Japan is having a very, very good time on the Olympic stage right now. Firstly, Tokyo won the right to host the 2020 Olympics. They had always been the favorite, but had to allay growing fears that Fukushima’s ongoing nuclear nightmare would not have any long-lasting effects for the country (though, in truth, they may have been helped more by a combination of Spain’s dreadful employment record and Turkey’s heavy-handed government). It also means Asia will host back-to-back Olympic Games, following Pyeongchang in 2018.
Secondly, wrestling has been reinstated into the Olympic schedule. Much has changed since February when wrestling looked set to lose out, but Japan will benefit hugely from this. Not only do they sit fourth in the all-time medal table for Olympic wrestling (third if you take out the now-defunct Soviet team), but they won four gold medals in London last year, a total matched only by Russia.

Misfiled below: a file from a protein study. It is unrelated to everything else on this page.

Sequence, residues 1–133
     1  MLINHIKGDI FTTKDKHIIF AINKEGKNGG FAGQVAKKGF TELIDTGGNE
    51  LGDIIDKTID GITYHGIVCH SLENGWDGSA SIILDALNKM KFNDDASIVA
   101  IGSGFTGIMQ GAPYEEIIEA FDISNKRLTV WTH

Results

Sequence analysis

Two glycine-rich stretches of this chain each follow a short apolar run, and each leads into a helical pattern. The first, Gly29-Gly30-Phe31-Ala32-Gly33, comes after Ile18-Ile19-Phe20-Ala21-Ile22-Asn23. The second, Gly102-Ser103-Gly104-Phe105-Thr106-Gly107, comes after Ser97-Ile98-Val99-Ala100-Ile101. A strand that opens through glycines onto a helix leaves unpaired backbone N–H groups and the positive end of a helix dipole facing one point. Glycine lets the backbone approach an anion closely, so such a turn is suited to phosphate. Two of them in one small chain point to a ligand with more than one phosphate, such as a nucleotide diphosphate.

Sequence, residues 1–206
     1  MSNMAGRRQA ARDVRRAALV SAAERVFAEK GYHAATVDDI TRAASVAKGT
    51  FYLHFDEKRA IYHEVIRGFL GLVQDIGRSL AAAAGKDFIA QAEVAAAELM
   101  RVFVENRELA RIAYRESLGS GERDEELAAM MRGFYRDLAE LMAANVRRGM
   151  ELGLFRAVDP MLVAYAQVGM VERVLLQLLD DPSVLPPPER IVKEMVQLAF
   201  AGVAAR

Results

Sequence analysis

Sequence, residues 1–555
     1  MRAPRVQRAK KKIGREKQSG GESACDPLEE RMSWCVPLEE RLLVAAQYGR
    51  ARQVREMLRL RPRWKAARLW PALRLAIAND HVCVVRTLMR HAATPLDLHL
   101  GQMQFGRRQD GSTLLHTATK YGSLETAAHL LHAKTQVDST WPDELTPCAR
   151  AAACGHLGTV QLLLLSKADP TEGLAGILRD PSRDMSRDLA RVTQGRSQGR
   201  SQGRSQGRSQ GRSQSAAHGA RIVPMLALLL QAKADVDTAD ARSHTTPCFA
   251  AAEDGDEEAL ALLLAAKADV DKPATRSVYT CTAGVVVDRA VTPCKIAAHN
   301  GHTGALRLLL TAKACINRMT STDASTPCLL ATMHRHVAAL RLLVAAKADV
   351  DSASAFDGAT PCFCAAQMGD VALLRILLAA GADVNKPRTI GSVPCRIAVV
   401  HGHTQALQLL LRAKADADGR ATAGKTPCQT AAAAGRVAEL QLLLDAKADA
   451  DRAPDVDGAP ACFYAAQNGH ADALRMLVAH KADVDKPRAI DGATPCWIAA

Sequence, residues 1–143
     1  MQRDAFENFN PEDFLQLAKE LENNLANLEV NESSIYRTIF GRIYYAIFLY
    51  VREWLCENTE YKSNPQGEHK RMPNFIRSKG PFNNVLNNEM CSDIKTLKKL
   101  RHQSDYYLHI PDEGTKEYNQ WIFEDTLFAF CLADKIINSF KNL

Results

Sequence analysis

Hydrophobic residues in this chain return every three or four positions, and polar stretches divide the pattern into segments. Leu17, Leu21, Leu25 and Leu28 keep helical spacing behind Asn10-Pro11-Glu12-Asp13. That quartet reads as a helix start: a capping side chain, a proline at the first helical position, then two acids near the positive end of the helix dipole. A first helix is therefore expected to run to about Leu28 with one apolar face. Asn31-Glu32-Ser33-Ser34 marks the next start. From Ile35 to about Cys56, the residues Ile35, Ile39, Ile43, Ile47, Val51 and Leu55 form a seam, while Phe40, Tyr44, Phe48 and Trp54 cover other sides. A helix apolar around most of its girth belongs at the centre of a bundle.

The election of a new IOC President to replace Jacques Rogge is the final vote of significance which will take place at the current session in Buenos Aires. Thomas Bach of Germany is the frontrunner and has the crucial support of Sheikh Ahmad, but so far the votes have gone according to plan (Tokyo and wrestling were both expected) and that is often not the case with these secret votes.
So if Bach is not elected, could either of Asia’s two candidates – Taiwan’s Wu Ching-kuo or Singapore’s Ng Ser Miang – get the nod? Both are long-serving IOC members with an impressive CV, but this will come down to the behind-the-scenes lobbying, rather than public credentials. And it matters: as Ng said recently:
“You are electing cities every two years and a president every eight or 12 years. The impact of a president is much greater than the impact of the election of a city.”
The vote will take place on Tuesday, September 10. Logic dictates Bach will win, but whatever the result it has been an excellent few days for Asia – and Japan in particular.